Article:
When you have a lot of related files, it's sometimes easier to treat them as a single object rather than 3 or 20 or 100 unique files. There are fewer clicks involved, for instance, when you email one file compared to the mouse work required to email 30 separate files. This quandary was solved decades ago when programmers invented a way to create an archive, and so the
tar command was born (the name stands for tape archive because back then, files were saved to magnetic tape.) Today
tar remains a useful way to bundle files together, whether it's to compress them so they take up less space on your drive, to make it easier to deal with lots of files, or to logically group files together as a convenience.
I asked Opensource.com authors how they used
tar, and related tools like
gzip, in their daily work. Here's what they said.
Backups and logs
zip whenever I need to make a backup or archive of an entire directory tree. For example, delivering a set of files to a client, or just making a quick backup of my web root directory before I make a major change on the website. If I need to share with others, I create a ZIP archive with
zip -9r, where
-9 uses best possible compression, and
-r will recurse into subdirectories. For example,
zip -9r client-delivery.zip client-dir makes a zip file of my work, which I can send to a client.
If the backup is just for me, I probably use
tar instead. When I use
tar, I usually use
gzip to compress, and I do it all on one command line with
tar czf, where
c will create a new archive file,
z compresses it with
f sets the archive filename. For example,
tar czf web-backup.tar.gz html creates a compressed backup of my
I also have web applications that create log files. And to keep them from taking up too much space, I compress them using
gzip command is a great way to compress a single file. This can be a TAR archive file, or just any regular file like a log file. To make the gzipped file as small as possible, I compress the file with
gzip -9, where
-9 uses the best possible compression.
The great thing about using
gzip to compress files is that I can use commands like
zless to view them later, without having to uncompress them on the disk. So if I want to look at my log file from yesterday, I can use
zless yesterday.log.gz and the
zless command automatically uncompresses the data with
gunzip and send it to the
less viewer. Recently, I wanted to look at how many log entries I had per day, and I ran that with a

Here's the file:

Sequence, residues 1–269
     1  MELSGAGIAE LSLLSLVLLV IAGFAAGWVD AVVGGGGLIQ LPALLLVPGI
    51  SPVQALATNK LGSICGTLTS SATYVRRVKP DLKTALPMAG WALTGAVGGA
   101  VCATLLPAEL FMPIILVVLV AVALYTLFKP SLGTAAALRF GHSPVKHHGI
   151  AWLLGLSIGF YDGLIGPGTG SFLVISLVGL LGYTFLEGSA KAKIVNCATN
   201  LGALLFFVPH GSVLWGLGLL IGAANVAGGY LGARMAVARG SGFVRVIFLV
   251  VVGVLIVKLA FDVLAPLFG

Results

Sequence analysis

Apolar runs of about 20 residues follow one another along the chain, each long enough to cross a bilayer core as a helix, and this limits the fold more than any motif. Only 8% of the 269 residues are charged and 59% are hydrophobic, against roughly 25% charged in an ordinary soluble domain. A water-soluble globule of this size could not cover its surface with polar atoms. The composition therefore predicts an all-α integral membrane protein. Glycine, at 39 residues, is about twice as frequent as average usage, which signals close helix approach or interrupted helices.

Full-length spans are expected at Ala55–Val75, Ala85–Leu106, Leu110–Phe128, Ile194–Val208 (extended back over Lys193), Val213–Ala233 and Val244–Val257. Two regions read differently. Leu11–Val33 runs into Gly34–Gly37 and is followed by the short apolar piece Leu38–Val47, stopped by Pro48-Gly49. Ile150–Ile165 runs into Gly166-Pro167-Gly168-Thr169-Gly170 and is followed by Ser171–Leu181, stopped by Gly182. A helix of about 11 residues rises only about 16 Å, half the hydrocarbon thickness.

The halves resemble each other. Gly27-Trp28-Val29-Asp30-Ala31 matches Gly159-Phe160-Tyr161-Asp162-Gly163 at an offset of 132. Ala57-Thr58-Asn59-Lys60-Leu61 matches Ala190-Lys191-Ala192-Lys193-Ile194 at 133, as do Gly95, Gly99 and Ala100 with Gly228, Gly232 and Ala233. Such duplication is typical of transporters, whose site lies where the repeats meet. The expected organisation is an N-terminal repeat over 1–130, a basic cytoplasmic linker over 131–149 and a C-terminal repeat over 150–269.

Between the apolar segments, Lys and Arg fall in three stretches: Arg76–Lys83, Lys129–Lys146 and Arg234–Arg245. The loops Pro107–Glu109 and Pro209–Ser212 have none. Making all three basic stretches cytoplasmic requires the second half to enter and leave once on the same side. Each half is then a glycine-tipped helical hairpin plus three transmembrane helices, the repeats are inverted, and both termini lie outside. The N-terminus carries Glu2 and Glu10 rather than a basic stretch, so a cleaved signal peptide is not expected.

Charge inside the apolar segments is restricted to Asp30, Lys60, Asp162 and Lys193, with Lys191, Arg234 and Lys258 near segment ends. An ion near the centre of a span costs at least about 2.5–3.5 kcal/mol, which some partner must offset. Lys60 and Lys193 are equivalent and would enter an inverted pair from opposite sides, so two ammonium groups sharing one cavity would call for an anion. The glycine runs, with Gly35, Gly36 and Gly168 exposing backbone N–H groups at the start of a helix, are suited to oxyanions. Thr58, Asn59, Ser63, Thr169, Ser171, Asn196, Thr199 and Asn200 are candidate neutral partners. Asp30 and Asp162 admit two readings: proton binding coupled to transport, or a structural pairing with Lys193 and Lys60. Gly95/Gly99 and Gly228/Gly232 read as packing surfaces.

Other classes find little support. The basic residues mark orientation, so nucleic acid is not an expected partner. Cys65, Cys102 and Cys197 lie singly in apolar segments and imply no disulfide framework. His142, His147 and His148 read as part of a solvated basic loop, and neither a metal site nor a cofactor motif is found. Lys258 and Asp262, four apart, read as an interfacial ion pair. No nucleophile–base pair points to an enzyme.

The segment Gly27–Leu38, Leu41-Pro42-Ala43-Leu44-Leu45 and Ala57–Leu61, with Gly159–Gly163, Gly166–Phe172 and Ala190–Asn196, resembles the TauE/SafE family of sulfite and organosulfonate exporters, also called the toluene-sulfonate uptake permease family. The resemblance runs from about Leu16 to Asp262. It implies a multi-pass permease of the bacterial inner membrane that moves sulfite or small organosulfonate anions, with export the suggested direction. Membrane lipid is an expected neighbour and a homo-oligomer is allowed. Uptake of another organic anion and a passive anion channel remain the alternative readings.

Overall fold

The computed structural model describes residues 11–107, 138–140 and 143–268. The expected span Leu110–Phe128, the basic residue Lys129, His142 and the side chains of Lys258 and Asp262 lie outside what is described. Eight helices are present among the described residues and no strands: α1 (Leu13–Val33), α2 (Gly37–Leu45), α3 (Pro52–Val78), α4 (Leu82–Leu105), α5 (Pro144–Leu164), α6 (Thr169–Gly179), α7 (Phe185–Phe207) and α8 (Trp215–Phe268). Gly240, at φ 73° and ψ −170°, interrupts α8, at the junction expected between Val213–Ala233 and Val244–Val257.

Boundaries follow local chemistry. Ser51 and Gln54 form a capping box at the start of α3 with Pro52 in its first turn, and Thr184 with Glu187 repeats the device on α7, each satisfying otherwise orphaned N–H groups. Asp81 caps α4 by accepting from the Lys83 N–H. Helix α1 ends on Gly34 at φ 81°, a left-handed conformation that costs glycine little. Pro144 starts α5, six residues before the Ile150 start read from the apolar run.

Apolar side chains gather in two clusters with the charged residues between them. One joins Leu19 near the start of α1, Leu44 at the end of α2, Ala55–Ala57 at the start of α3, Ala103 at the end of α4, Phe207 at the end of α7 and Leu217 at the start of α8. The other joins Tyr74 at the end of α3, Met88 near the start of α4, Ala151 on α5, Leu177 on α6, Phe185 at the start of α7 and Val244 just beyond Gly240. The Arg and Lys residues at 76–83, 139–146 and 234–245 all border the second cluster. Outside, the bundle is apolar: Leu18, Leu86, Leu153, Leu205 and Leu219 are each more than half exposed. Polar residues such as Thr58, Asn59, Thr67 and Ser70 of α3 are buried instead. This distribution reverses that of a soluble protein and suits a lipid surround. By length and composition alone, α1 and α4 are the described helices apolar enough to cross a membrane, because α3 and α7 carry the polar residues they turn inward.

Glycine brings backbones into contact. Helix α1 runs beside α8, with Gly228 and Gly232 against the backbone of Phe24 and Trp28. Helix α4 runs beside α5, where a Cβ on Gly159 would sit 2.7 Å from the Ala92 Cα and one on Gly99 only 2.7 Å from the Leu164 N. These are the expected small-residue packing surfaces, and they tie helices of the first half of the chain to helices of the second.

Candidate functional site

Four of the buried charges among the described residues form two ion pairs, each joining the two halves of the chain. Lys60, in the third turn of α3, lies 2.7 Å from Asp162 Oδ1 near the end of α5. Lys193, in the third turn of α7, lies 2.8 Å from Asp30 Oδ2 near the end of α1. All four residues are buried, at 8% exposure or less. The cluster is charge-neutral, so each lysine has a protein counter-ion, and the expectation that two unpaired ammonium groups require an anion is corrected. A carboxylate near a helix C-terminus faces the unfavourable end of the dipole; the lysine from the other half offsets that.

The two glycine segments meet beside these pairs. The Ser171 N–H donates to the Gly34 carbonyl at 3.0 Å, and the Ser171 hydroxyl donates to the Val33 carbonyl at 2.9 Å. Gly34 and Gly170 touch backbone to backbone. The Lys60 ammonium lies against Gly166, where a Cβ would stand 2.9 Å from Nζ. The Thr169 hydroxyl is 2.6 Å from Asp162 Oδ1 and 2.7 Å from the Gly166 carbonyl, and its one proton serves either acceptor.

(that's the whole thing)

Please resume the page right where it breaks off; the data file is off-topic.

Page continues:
zcat command like:
for f in *.log.gz; do echo -n "$f,"; zcat $f | wc -l; done
This generates a comma-separated list of log files and a line count, which I can easily import to a spreadsheet for analysis.
I introduced the
zcat command in my article Getting started with the cat command. Maybe this can act as a stimulus for further discussion of "in-place" compressed data analysis.
Zless and lzop
I love having
zless to browse log files and archives. It really helps reduce the risk of leaving random old log files around that I haven't cleaned up.
When dealing with compressed archives,
tar -zxf and
tar -zcf are awesome, but don't forget about
tar -j for those bzip2 files, or even
tar -J for the highly compressed xz files.
If you're dealing with a platform with limited CPU resources, you could even consider a lower overhead solution like
lzop. For example, on the source computer:
tar --lzop -cf - source_directory | nc destination-host 9999
On the destination computer:
nc -l 9999 | tar --lzop -xf -
I've often used that to compress data between systems where we have bandwidth limitations and need a low resource option.
I've found myself using the KDE application Ark lately. It's a GUI application, but it integrates so well with the Dolphin file manager that I've gotten into the habit of just updating files straight into an archive without even bothering to unarchive the whole thing. Of course, you can do the same thing with the
tar command, but if you're browsing through files in Dolphin anyway, Ark makes it quick and easy to interact with an archive without interrupting your current workflow.
Archives used to feel a little like a forbidden vault to me. Once I put files into an archive, they were as good as forgotten because it just isn't always convenient to interact with an archive. But Ark lets you preview files without uncompressing them (technically they're being uncompressed, but it doesn't "feel" like they are because it all happens in place), remove a file from an archive, update files, rename files, and a lot more. It's a really nice and dynamic way to interact with archives, which encourages me to use them more often.